Digital nomads broke the common rules of the work life. They packed their suitcases, said goodbye to their bosses and got on a plane; moving from one dream destination to another. All of this, while working remotely.

But do digital nomads break other rules? Like paying taxes?

How and where do they pay taxes when they are moving from one place to another? Or can digital nomadism be a trick to avoid paying taxes altogether?

These are some of the questions we will try to clear out in this article. However, please note that this article does NOT constitute any legal or financial advice. Please consult with your local experts.


It’s all grey!

Let’s agree on something before we dive into details. Digital nomadism is a relatively new reality; and thus, most of the rules of the game are not defined yet.

Taxes, as a topic, is a super complicated one, without adding the complexity of people of different nationalities travelling to different destinations.

Who can know the details? You’ll say. The answer would be, international tax consultants. However, let’s be realistic; these are very expensive to hire or consult with, and usually they reserve their services to people earning big sums of money annually (we are talking 9 figures). But, don’t worry! We will try to give you at least a basic idea, that we hope will help you make decisions.


Are digital nomads exempt from paying taxes?

Legally, no. Digital nomads should pay taxes on their income just like everyone else. However, in which country do they file their taxes? And on what basis? These are the complicated questions that we will attempt to answer below.


On what basis is someone taxed?

In general, people are taxed based on one (or more) of the below criteria. It’s advisable that you consider which of these apply to you before you start your nomad journey.

  • Your nationality.
  • Your country of residence.
  • The frequency you travel with.
  • Your earnings.
  • Your employment status. (whether you are self-employed or a business owner).

Many tax experts will tell you that your tax authority (of the country of your nationality) has the power to decide where you pay your taxes. In the UK for example, they will consider how many days you are in your home country per year, where you earn, where you spend, where you own/rent a house and where you have your bank accounts. However, for digital nomads, there are other elements that affect that decision.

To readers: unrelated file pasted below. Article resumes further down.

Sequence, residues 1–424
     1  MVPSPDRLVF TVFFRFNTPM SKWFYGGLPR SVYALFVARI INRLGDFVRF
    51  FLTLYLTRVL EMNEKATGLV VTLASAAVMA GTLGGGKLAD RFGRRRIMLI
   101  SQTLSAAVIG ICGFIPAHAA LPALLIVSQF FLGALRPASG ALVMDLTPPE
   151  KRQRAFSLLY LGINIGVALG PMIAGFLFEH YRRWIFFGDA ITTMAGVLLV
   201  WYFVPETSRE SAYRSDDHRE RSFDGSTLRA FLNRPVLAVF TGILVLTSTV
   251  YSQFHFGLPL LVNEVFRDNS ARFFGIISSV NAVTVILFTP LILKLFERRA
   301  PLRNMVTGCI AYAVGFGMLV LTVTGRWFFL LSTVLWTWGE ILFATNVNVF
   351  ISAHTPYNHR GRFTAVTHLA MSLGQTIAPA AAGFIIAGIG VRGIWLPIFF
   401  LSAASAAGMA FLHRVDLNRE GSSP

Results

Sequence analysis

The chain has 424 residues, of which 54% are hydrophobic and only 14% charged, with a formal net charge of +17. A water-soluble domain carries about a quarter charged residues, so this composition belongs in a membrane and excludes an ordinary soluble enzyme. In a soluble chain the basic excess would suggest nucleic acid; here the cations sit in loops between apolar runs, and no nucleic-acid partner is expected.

For example, U.S. citizens are taxed based on nationality. It doesn’t matter where you are in the world; if you are an American citizen, you will be taxed by the U.S.

In the case based on residence, most countries dictate that if you reside in a country for more than 183 days you become a tax resident there. Other countries will claim you should pay taxes there if you have your primary address in the country, like in the case of Portugal.

On the other hand, if you keep travelling from one place to another while having no tax residency anywhere, maybe you will be able to avoid taxes for a while. The same applies if you establish an offshore company. However, in both cases you are NOT legal; and if it is discovered, you will probably face financial and maybe legal consequences.

Bear in mind that many countries have a tax fallback law. This means that if you are not registered for paying taxes anywhere, you will be taxed in your home country; or in some cases in the country of your last residency.

Lastly, whether you are self-employed or not also affects the situation of your taxes. If you are a freelancer/self-employed, you have so much more deductible expenses; which means you will pay less to no taxes.


So, what do I do?

We gathered advice from different digital nomads to give you several options. You can check what suits you and decide if you want to proceed with that. However, make sure you check at least one option in each of the below levels.


Level 1: Getting all the information:

  • Research: Get to know the tax system of both the country of your citizenship and your residence (or your destination). You can check the tax and immigration guide of EY
  • Prepare to be prepared: in any case, you should be prepared to log all your expenses and keep all your receipts. This will help you get returns and deductibles; and in the case of digital nomads this can cover things like plane tickets, laptops, coworking spaces’ subscriptions and even web hosting and domain fees.
  • Find a tax-preparer or an accountant: With digital nomadism on the rise, more experts are trying to keep up with the laws.


Level 2: Making decisions:

  • Consider giving up your nationality: for American citizens, sometimes it’s more economical to give up their nationality. It sounds extreme, but some nomads have done it.
  • Set your tax residency at home: Registering your taxes in your home country is a safe option. You can register your address at your parents’ house, and pay taxes in your country like you always did.
  • Deregister from your country and travel nonstop: Don’t stay more than 6 months in your home country. Travel on tourist visas and keep moving every few months.

The reality is, the countries you visit will not care because as a digital nomad, you don’t take jobs from the locals. However, try to keep a low key; as legally, you are not supposed to work on a tourist visa.

  • Establish residency somewhere favorable: Choose where you want to pay your taxes and set up shop there. You can choose a no-tax country, these include Bermuda, Bahamas and the UAE.

Or, you can choose a territorial tax country. These are countries where you pay taxes only on the money earned there. These include, Costa-Rica, Gibraltar, Malaysia and Hong Kong.

How is the tax system in your country?